Dreaming of the big time
Don't let the Cardinals' $105 million payroll fool you, they're very much a small-market team. Among Major League Baseball's 30 teams, St. Louis' television market ranks 24th, making Pujols the best player most of the country's never seen.
Going bigger is the reason most homeowners cite for moving as well, with 21% saying it's their primary motivation for selling and a whopping 47% of family-ready 18- to 34-year-olds saying it's why they're taking off. The problem is, Pujols already has his family -- a wife and four children, in fact -- and his own restaurant and a center for adults with Down syndrome he helped build in the St. Louis area.
Much like homeowners during the housing boom who upsized to McMansions just because they could, though, moving to a bigger home or market when it really isn't necessary can do more harm than good. Just ask future Hall of Fame pitcher Randy Johnson, who won four Cy Young Awards and a World Series with the Arizona Diamondbacks, went to New York and wilted under the burden of playing with the Yankees and went right back to Phoenix two years later.
Cashing in equity
Maybe you've put some serious years into your home, as Pujols has, raised your children and want to take all that money you've socked into the house and spend it someplace a little splashier -- perhaps on a condo in the city.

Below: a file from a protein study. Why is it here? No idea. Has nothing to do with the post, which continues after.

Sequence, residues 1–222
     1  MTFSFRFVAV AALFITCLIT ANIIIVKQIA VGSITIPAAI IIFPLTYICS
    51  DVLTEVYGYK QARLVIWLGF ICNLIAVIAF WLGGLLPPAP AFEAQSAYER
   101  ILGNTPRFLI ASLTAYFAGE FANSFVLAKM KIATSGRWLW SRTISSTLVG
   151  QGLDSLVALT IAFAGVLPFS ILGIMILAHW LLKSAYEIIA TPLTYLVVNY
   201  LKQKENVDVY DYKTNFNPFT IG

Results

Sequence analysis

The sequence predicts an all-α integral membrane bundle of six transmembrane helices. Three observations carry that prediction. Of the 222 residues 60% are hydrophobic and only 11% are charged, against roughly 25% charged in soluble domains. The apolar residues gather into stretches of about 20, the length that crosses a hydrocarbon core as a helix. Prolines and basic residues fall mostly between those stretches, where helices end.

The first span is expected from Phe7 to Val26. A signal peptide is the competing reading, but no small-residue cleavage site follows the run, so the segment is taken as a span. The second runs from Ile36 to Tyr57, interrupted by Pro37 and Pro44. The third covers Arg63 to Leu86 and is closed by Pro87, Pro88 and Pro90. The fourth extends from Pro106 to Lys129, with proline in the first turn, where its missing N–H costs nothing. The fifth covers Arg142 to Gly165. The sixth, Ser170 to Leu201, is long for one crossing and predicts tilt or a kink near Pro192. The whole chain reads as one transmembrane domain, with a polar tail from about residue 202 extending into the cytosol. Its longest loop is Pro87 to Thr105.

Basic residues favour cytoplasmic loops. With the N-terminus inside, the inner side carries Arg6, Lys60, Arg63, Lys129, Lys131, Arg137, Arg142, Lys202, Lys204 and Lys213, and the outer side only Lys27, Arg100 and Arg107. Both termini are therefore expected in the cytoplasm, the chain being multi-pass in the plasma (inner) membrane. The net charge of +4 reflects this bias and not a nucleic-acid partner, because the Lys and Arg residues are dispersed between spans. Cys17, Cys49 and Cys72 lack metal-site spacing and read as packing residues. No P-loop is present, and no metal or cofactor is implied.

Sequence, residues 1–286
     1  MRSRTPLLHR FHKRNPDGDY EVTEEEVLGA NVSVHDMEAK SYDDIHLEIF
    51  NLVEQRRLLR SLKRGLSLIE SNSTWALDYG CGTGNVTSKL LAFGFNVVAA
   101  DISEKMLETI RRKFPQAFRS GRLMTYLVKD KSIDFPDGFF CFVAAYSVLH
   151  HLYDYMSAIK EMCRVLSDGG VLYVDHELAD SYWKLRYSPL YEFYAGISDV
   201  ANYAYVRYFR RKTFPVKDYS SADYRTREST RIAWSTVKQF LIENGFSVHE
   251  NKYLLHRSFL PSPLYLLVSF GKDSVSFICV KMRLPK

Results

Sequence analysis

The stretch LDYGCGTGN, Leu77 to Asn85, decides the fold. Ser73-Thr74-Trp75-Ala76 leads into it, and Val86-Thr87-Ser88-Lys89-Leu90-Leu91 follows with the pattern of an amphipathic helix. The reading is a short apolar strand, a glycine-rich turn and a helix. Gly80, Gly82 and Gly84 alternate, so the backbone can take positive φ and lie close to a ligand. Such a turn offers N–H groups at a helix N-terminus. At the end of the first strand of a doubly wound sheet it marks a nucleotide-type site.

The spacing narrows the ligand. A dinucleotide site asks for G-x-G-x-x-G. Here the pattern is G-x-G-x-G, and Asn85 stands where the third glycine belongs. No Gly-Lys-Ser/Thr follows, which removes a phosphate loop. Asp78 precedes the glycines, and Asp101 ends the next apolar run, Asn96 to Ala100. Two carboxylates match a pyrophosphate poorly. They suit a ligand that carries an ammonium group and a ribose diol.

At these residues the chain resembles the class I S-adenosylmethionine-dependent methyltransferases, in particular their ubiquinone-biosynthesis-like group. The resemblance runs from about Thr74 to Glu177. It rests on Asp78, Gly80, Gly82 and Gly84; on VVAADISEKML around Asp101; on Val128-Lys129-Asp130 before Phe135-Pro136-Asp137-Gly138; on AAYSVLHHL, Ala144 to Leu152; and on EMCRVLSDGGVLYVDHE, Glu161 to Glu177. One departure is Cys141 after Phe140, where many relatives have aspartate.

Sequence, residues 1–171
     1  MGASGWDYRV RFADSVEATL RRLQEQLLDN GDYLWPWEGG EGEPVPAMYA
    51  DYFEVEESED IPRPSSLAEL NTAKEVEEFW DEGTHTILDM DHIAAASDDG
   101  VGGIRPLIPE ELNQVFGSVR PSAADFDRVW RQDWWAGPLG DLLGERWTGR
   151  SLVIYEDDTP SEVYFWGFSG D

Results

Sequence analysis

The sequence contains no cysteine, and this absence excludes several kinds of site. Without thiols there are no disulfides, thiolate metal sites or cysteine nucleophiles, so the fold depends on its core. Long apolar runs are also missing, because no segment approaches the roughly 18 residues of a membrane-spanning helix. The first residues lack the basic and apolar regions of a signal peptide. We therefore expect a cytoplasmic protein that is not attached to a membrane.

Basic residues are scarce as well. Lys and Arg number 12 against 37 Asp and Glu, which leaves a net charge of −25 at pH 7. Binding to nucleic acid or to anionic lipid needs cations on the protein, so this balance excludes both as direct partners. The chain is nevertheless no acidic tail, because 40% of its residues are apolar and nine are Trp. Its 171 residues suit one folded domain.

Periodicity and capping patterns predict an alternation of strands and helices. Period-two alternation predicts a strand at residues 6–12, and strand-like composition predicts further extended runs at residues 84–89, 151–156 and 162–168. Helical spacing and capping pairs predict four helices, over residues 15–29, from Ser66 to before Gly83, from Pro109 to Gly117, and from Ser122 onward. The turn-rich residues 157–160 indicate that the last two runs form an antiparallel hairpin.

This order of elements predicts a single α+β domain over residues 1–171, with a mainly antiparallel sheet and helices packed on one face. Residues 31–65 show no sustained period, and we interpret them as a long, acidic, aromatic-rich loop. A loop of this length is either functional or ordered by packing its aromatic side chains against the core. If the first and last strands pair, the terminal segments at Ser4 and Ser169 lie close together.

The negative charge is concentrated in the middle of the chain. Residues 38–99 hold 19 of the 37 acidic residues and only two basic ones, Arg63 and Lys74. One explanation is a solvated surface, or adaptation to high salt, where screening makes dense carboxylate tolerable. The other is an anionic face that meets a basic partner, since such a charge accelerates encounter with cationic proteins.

You wouldn't be alone. Home sellers increasingly want to test the waters as they age, with 15% of homeowners aged 55 to 64 and 13% of homeowners 64 to 75 unloading because they're nearing retirement. Similarly, 10% to 14% of people 55 to 75 downsize from big, burdensome homes.
Pujols, however, would be cutting and running with a scant 10 years of equity and perhaps another decade until retirement. With no real motivation to do so, that's squandering all that's been invested and all the sacrifice made by staying in one place so long and making it work. He's not the NHL's Ray Bourque, who played 20 years with the Boston Bruins without winning the Stanley Cup before going to the Colorado Avalanche and winning one in 2001. He's not the NBA's Gary Payton, who played almost 13 seasons in the NBA without a championship before being traded away and finally winning one with the Miami Heat in 2006. He's not even Tim Raines, who spent 11 years with the Montreal Expos and another five with the Chicago White Sox before winning his first World Series with the Yankees.
He's a multitalented, multiple-award-winning player only four years removed from a World Series title who may just be feeling itchy or, possibly, taken for granted. If homeowners are wise, they'll look around, realize it's not so bad and spare themselves the manufactured drama Pujols and the Cardinals have created. Sometimes the best play is to stay safe at home.
-- Written by Jason Notte in Boston.
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Jason Notte is a reporter for TheStreet. His writing has appeared in The New York Times, The Huffington Post, Esquire.com, Time Out New York, the Boston Herald, the Boston Phoenix, the Metro newspaper and the Colorado Springs Independent. He previously served as the political and global affairs editor for Metro U.S., layout editor for Boston Now, assistant news editor for the Herald News of West Paterson, N.J., editor of Go Out! Magazine in Hoboken, N.J., and copy editor and lifestyle editor at the Jersey Journal in Jersey City, N.J.